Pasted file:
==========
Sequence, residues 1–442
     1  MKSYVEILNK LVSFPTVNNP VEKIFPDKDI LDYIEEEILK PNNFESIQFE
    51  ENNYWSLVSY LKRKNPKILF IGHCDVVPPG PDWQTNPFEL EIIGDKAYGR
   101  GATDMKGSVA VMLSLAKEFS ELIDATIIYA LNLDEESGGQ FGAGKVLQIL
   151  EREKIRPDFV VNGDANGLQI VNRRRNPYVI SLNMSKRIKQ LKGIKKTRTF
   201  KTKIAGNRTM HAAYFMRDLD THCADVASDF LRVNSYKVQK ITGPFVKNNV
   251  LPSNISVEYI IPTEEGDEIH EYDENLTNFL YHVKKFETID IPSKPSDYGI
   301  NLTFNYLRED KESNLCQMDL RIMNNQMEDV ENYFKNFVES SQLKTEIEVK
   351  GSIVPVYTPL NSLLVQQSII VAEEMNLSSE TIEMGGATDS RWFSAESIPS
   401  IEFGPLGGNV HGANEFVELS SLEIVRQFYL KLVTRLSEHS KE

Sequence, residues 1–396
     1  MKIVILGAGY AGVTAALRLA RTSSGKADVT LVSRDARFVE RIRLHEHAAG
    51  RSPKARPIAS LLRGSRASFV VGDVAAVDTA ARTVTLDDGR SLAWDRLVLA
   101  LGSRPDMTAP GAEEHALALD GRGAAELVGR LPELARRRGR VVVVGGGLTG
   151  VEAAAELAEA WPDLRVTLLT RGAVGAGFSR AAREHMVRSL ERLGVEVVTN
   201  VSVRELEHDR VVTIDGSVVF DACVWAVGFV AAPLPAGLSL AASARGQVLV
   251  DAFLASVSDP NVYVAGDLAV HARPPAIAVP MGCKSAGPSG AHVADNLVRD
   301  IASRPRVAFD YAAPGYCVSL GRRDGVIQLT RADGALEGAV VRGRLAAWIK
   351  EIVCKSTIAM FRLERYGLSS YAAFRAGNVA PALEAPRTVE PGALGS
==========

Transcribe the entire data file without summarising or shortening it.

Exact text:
Sequence, residues 1–442
     1  MKSYVEILNK LVSFPTVNNP VEKIFPDKDI LDYIEEEILK PNNFESIQFE
    51  ENNYWSLVSY LKRKNPKILF IGHCDVVPPG PDWQTNPFEL EIIGDKAYGR
   101  GATDMKGSVA VMLSLAKEFS ELIDATIIYA LNLDEESGGQ FGAGKVLQIL
   151  EREKIRPDFV VNGDANGLQI VNRRRNPYVI SLNMSKRIKQ LKGIKKTRTF
   201  KTKIAGNRTM HAAYFMRDLD THCADVASDF LRVNSYKVQK ITGPFVKNNV
   251  LPSNISVEYI IPTEEGDEIH EYDENLTNFL YHVKKFETID IPSKPSDYGI
   301  NLTFNYLRED KESNLCQMDL RIMNNQMEDV ENYFKNFVES SQLKTEIEVK
   351  GSIVPVYTPL NSLLVQQSII VAEEMNLSSE TIEMGGATDS RWFSAESIPS
   401  IEFGPLGGNV HGANEFVELS SLEIVRQFYL KLVTRLSEHS KE

Sequence, residues 1–396
     1  MKIVILGAGY AGVTAALRLA RTSSGKADVT LVSRDARFVE RIRLHEHAAG
    51  RSPKARPIAS LLRGSRASFV VGDVAAVDTA ARTVTLDDGR SLAWDRLVLA
   101  LGSRPDMTAP GAEEHALALD GRGAAELVGR LPELARRRGR VVVVGGGLTG
   151  VEAAAELAEA WPDLRVTLLT RGAVGAGFSR AAREHMVRSL ERLGVEVVTN
   201  VSVRELEHDR VVTIDGSVVF DACVWAVGFV AAPLPAGLSL AASARGQVLV
   251  DAFLASVSDP NVYVAGDLAV HARPPAIAVP MGCKSAGPSG AHVADNLVRD
   301  IASRPRVAFD YAAPGYCVSL GRRDGVIQLT RADGALEGAV VRGRLAAWIK
   351  EIVCKSTIAM FRLERYGLSS YAAFRAGNVA PALEAPRTVE PGALGS